POTUS, GOP Senators Unveil Major Reforms To Slash Legal Immigration
President Trump, alongside Senator Tom Cotton (R-AR) and Senator David Perdue (R-GA), announced plans for sweeping changes to legal immigration to the United States.
Washington Examiner reports:
President Trump announced Wednesday he will support a revised Senate bill that would implement a merit-based point system for foreigners who apply for legal permanent status through the employment-based admissions side.
The Washington Examiner first reported Tuesday evening Republican Sens. David Perdue of Georgia and Tom Cotton of Arkansas would meet with Trump on Wednesday to privately, then publicly, unveil an immigration bill, which was presumed to be an updated version of the Reforming American Immigration for a Strong Economy (RAISE) Act.
Trump’s endorsement marks the beginning of a push toward a radically different legal immigration policy in the United States compared to the one that’s been in place for the past several decades.
It also marks a new approach to immigration reform than Sens. John McCain of Arizona, Lindsey Graham of South Carolina and Marco Rubio of Florida had attempted in 2013 with the “Gang of Eight” bill.
Author Ann Coulter expressed her excitement over the announcement.
“.@realDonaldTrump announces 1st change to immigration policy in 50 years!!!!!! We will FINALLY take immigrants who are better than us!”, Coulter tweeted.
.@realDonaldTrump announces 1st change to immigration policy in 50 years!!!!!! We will FINALLY take immigrants who are better than us!
— Ann Coulter (@AnnCoulter) August 2, 2017
Cotton and Perdue have been pushing for legal immigration reform for months. “Striking findings” in data compiled by National Academy of Science, Engineering and Medicine sparked the conversation about developing reforms to the current legal immigration system.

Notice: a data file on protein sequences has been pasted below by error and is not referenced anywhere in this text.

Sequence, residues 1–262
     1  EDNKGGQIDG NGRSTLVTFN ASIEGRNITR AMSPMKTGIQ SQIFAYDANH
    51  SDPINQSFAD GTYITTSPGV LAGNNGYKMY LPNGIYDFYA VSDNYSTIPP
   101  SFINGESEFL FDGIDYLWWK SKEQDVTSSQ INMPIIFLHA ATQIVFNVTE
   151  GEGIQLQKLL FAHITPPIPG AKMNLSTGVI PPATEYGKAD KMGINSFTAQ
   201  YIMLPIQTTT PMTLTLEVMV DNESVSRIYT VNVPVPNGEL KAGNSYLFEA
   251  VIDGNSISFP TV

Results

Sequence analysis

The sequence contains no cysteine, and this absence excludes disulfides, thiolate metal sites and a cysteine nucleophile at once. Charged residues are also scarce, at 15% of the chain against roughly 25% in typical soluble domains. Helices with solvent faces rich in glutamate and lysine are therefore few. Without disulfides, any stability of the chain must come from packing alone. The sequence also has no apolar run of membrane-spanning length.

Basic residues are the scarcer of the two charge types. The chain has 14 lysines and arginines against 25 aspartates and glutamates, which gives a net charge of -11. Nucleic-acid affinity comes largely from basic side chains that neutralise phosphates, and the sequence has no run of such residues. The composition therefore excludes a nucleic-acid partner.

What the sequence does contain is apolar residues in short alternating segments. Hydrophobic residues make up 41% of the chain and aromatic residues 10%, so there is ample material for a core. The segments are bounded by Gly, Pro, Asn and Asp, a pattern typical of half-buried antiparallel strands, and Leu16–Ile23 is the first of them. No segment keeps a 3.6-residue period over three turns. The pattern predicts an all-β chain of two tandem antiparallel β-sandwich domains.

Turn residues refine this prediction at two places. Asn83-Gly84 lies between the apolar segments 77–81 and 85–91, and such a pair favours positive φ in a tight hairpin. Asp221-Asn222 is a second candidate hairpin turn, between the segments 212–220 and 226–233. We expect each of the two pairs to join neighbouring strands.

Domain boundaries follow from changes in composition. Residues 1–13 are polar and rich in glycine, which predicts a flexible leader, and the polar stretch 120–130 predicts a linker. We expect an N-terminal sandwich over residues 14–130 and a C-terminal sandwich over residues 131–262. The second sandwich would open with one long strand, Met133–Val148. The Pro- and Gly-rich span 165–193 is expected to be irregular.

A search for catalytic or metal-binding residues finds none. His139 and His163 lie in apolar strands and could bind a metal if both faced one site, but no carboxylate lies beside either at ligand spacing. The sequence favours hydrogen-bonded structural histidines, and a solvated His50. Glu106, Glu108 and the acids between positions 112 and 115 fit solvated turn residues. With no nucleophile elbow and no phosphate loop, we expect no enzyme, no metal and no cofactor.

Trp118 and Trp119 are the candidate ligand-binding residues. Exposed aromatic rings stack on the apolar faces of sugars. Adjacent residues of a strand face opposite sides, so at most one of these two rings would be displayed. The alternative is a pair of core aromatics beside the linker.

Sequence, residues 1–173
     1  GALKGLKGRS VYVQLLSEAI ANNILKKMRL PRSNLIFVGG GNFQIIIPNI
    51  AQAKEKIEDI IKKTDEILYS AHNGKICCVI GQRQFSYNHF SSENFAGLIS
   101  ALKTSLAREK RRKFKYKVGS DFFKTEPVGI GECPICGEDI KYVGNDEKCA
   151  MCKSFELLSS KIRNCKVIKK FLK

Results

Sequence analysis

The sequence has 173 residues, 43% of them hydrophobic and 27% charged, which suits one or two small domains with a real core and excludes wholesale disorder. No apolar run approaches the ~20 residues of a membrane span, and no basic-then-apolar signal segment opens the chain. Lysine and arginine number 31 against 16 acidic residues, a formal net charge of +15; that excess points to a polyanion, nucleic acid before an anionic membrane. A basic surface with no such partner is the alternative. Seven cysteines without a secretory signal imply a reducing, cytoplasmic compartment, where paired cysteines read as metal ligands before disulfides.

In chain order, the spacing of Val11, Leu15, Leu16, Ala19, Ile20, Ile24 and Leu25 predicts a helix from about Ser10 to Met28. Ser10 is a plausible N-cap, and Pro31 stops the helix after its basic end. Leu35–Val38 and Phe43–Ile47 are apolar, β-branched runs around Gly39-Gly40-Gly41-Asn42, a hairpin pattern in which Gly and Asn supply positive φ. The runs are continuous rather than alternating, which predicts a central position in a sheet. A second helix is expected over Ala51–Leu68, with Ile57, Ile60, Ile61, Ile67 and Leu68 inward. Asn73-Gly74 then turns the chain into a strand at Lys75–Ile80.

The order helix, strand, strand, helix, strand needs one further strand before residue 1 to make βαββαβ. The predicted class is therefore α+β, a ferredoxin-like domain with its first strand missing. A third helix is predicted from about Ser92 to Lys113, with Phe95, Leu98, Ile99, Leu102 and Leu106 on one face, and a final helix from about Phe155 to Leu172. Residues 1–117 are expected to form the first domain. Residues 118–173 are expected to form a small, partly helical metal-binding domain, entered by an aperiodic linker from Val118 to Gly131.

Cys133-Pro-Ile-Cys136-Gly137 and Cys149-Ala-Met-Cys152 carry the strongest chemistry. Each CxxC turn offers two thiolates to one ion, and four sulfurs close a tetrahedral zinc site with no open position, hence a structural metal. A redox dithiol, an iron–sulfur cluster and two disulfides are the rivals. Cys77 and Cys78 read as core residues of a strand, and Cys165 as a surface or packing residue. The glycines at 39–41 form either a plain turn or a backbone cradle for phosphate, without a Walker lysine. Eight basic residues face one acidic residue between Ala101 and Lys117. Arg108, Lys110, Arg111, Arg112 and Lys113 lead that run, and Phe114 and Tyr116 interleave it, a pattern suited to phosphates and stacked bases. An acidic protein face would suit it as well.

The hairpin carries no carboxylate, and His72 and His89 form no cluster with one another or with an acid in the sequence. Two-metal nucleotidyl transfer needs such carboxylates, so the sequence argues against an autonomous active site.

An earlier version of the bill proposed in February by Senators David Perdue and Tom Cotton was also expected to cut legal immigration from 1 million to 500,000 each year. It called for limiting admission for migrants’ family members, ending the diversity visa lottery program and making the process of obtaining “green card” work permits much more difficult.
“Senator Cotton and Senator Perdue are continuing to build on the RAISE act they introduced earlier this year and hope to introduce a new bill soon,” Communications Director for Cotton, Caroline Rabbitt, replied when VOA requested an interview with Cotton.
But “I would be nervous if we cut the number of immigrants by 50 percent,” Kim Rueben, a senior fellow at the Urban Institute, told VOA.
Explaining why, Rueben said one of the most “striking findings” of research she participated in with the National Academy of Science, Engineering and Medicine was that starting in 2020 the only increases in the U.S. labor-force are expected to come from immigrants and the children of immigrants.